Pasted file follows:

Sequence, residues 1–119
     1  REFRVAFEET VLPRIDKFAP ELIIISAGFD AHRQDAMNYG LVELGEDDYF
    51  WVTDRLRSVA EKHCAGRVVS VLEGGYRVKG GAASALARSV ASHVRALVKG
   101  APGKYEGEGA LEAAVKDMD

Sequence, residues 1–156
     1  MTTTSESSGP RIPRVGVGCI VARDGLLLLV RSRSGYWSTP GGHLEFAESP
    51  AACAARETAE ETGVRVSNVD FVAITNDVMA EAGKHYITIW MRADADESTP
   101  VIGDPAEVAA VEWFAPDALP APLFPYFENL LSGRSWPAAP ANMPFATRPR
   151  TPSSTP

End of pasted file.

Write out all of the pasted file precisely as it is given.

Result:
Sequence, residues 1–119
     1  REFRVAFEET VLPRIDKFAP ELIIISAGFD AHRQDAMNYG LVELGEDDYF
    51  WVTDRLRSVA EKHCAGRVVS VLEGGYRVKG GAASALARSV ASHVRALVKG
   101  APGKYEGEGA LEAAVKDMD

Sequence, residues 1–156
     1  MTTTSESSGP RIPRVGVGCI VARDGLLLLV RSRSGYWSTP GGHLEFAESP
    51  AACAARETAE ETGVRVSNVD FVAITNDVMA EAGKHYITIW MRADADESTP
   101  VIGDPAEVAA VEWFAPDALP APLFPYFENL LSGRSWPAAP ANMPFATRPR
   151  TPSSTP